Pre-tax losses at Shell's Corrib gas field operation fell substantially last year, from €187m to €89m, according to newly-filed financial results.
A massive billion-euro acquisition deal struck last year by a giant Canadian pension fund for Shell's 45pc holding in the controversial gas field off the Mayo coast still has not been fully completed.
Turnover at Shell E&P Ireland - the Irish-registered company that holds the asset on behalf of the Dutch giant - jumped from €182m to €258m. The company benefited from a taxation benefit of €14.4m last year, part of total deferred tax assets of €424m it holds.The Corrib field contributes up to 60pc of Ireland's natural gas requirements, sustains 102 jobs and Shell E&P Ireland's net assets are worth €1.3bn, according to its accounts.
In July 2017 Shell signed a definitive purchase-and-sale agreement that would see Canada Pension Plan Investment Board (CPPIB) acquire 100pc of Shell E&P Ireland for a total initial cash consideration of €830m, with additional payments of up to €250m between 2018-2025, subject to gas price and production.
The deal, which represents Shell's exit from the upstream business in Ireland, would mean a reported loss of up to €2bn for the Dutch giant on the project and was originally due to be completed in the second quarter of this year.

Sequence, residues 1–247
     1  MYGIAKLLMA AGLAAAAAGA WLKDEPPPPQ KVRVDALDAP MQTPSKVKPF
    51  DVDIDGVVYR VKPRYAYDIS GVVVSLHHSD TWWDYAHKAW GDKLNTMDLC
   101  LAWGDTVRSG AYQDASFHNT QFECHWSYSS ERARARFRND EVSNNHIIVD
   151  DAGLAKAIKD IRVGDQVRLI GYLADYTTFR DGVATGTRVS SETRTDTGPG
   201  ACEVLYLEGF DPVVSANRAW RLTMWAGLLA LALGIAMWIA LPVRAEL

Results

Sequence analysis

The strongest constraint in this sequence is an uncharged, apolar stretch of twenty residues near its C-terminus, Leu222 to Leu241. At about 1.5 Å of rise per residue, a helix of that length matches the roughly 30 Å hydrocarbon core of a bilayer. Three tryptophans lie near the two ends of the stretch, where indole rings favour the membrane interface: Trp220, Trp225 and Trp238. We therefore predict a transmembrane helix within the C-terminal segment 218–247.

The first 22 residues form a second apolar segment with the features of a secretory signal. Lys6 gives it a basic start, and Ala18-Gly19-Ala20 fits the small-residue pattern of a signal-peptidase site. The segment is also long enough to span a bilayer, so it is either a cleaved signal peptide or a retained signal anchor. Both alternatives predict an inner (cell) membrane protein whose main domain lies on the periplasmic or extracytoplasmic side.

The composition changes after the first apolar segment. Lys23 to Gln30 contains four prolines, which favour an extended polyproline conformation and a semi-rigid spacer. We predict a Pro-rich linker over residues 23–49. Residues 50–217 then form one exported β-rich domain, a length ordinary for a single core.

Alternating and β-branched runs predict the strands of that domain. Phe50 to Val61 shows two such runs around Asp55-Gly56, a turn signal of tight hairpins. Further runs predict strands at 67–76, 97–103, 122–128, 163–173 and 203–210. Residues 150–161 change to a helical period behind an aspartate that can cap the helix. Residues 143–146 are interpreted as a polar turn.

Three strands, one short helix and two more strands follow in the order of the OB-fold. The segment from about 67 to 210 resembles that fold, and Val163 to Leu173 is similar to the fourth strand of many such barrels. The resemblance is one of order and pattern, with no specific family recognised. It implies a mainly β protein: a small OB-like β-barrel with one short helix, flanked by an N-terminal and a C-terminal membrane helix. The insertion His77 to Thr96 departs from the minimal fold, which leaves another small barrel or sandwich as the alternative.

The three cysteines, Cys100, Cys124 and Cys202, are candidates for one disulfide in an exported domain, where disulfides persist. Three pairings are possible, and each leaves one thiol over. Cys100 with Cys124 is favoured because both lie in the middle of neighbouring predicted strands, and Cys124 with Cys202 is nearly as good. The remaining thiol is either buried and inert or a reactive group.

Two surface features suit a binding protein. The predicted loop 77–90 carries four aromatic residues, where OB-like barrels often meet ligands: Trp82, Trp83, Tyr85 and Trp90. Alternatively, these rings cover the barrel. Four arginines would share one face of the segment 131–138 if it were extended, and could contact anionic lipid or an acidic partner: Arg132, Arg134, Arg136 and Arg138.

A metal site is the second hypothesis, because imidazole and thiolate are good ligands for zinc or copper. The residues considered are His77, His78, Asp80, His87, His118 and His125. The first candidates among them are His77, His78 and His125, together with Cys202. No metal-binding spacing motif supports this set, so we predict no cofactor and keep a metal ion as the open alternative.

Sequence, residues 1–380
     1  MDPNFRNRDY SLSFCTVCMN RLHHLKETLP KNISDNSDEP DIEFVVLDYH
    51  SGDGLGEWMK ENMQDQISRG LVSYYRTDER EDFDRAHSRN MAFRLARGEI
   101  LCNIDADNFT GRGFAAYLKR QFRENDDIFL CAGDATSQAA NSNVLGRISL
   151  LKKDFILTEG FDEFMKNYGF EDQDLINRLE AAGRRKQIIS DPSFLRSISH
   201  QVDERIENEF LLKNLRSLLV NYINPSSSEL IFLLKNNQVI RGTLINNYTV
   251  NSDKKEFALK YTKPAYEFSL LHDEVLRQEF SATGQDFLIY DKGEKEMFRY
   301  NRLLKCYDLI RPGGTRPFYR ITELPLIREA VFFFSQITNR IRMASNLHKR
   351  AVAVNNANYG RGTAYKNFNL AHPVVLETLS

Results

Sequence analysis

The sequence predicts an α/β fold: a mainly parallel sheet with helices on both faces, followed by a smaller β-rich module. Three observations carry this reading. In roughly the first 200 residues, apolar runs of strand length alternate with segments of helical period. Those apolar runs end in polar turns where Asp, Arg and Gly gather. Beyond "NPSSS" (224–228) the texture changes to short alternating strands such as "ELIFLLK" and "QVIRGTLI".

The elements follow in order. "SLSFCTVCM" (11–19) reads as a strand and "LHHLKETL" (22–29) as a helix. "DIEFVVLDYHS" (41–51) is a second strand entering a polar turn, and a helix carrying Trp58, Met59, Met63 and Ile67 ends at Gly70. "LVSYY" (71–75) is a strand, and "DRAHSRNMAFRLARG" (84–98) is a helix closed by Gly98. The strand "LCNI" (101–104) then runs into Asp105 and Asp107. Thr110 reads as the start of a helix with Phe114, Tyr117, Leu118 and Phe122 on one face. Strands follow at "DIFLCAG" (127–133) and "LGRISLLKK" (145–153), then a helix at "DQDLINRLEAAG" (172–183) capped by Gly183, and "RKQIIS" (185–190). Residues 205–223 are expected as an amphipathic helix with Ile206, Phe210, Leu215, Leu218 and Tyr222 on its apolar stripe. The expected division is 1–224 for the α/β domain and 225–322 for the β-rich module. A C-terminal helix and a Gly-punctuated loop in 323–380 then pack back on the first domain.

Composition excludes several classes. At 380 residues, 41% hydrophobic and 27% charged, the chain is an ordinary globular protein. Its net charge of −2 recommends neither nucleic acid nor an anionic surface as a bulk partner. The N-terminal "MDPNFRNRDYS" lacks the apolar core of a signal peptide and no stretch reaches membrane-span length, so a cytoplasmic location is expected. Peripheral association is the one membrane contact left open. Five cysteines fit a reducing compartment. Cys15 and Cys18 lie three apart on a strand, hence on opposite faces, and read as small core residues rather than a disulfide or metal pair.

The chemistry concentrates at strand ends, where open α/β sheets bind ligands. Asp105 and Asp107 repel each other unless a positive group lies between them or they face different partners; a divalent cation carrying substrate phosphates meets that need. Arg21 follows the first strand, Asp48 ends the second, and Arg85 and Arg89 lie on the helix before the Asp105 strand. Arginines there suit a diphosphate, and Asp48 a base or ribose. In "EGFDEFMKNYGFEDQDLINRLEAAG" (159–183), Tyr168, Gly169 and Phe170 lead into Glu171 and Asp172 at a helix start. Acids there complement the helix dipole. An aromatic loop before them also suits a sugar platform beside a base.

"The transaction is progressing towards completion and we are working with our partners to ensure a smooth transition to the new operator occurs. The formal application for government consent has been submitted, and we understand the process is expected to conclude later this year. Completion of the transaction can subsequently take place," said a statement from CPPIB.
The pension fund has a strategic partnership with Calgary-based Vermilion Energy to operate the Corrib assets after completion of the acquisition. Shell said in its accounts that the partnership was "well placed to successfully own and manage Corrib".